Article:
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The Skyshow: How a baseball game in California changed Australia Day in Perth forever.

“Whatever you do, don’t look down” 

It was the unmistakeable line from 96FM’s Fred Botica to tens of thousands of Perth people with their FM radios and torches, to turn their eyes up to the night sky.

Since 1985, the Skyshow has been an institution in Perth. 

Before that, it was a different story.

“Our only Australia Day celebration was a concert on the Esplanade and, if they were lucky, they got about 3000 people and they’d drag out some tired old acts,” 96FM’s Managing Director Gary Roberts said. 

“It was an embarrassment from the country’s point of view – we weren’t standing up and celebrating.”  

It was a baseball game in California that changed everything.

“A good mate of mine was the program director of a station called KGB in San Diego and he told be what they were doing on July 4,” Roberts said.

“I had been in America and had seen what happens, every American stands there, puts their hand on their heart and sings the anthem and does all the things that makes them proud of their country.”

The event in San Diego had something to do with a fireworks show, so he went along to check it out, but he had to sit though a baseball game first.

“I gotta tell you, that takes a long time,” he remarked. 

“At the end of it, the fireworks would go off and they had a tailor-made soundtrack for it.”

There was, however, a fair bit of wind that night, which turned out to be somewhat unfortunate.

“It blew the fallout of the fireworks over the carpark and they had to repaint the cars,” he said.

While there were no such fireworks show in Australia, Roberts was convinced it could work in Perth… and he had just learned his first lesson.

He sussed out the pyrotechnic crew and asked if they were prepared to come to Perth and do the show but in a different form, on a river.

“They thought it was a fantastic idea.”

Upon coming back to WA, Roberts got in touch with Syd Howard, one of the best pyros in the country and had already worked with the same San Diego crew at the Olympics.

Roberts laid out exactly wanted to do and if Howard could do it. Thing is, there was a lot to learn from the San Diego pyro crew, and they were only going to use them once.

“If we were going to continue with this and keep building it and we wanted him at the core.”

“Syd was fabulous, he said ‘yep, we’ll do that’.”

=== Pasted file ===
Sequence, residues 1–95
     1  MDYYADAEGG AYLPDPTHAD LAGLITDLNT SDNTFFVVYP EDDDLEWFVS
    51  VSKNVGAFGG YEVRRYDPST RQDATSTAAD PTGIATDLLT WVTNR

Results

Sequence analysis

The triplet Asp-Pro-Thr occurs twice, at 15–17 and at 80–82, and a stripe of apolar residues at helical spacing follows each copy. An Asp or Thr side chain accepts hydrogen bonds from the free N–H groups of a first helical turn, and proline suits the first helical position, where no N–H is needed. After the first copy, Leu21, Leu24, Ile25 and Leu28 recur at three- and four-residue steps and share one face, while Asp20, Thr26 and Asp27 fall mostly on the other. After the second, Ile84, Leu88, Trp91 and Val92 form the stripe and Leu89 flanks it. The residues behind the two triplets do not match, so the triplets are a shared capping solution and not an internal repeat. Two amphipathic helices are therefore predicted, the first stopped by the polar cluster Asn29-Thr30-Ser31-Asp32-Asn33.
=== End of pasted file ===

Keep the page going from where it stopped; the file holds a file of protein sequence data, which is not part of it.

Thing is, at the time, the 96FM board had yet to even approve it.

“Kerry [Stokes] was OK with it, Brian Treasure was OK but Jack Bendat was most unhappy with the amount of money I was spending to stage the show,” Roberts said.

Stokes had pulled Roberts aside and said he had to go see Bendat personally about it.

“Jack’s pissed with you that you’ve spent too much money,” Stokes had said.

“It’s going to be a big event,” Roberts had replied.

“I know,” said Stokes, adding that Roberts had his full support but he needed to get it over the line with Bendat.

Roberts said he headed down to Bendat’s office to talk it through.

“He went on and on and on about the money,” he recalled.

“I then said, ‘mate, it’s too late, I’ve already sold it’… which I hadn’t.”

Roberts laughed as he recalled leaving Bendat’s office… and promptly sold it to Big M.

Then there was building the narration… and the incredible soundtrack.

Roberts said the narration was very much about telling a story and celebrating either what had been achieved by Australians in the last 12 months or the history of the country and why that was significant.

“A lot of those things were never discussed, and it was important that we did that,” he said.

It was, of course, also about the music… and getting music that worked well with fireworks, something that is “actually bloody hard to put together, but when it’s done well, it kills.”

It was also pretty easy to get the first Skyshow’s green light from the City of Perth. I mean, nothing like this had ever been done before in Australia. 

“They asked how many people we thought we’d get, and I said about 30,000 and they said ‘oh, that’s OK, that’s fine’,” he said.

“But we got 170,000. We didn’t have any toilets or bins or anything.”

On January 26, 1985, for the first time, Perth didn’t look down.

Roberts had been so intensely involved in the planning of the Skyshow, it was difficult for him to properly gauge how it was received.

There wasn’t much time to think about it as, straight after the show, he had to face the board again, who had been in a nearby apartment watching the show.

“There was about 50 people in the apartment who stood up and applauded,” he recalled. 

“I then thought, ‘I think it went OK’.”

One of the first to congratulate Roberts was Kerry Stokes.

“Mate, no sponsors next year, we’re doing it ourselves, that’s it I don’t care what it costs,” he had said.

The next goal for 96FM was to make the 1988 Skyshow, the Bicentennial year, a monster.

It was.

“We got half a million people out to see it, it still holds the record.” 

“You look back on that and go, ‘well, that was a bit significant’, it changed a lot of things and got people to actually be proud about being an Australian… and how they look at themselves.”

“And that was the intent.”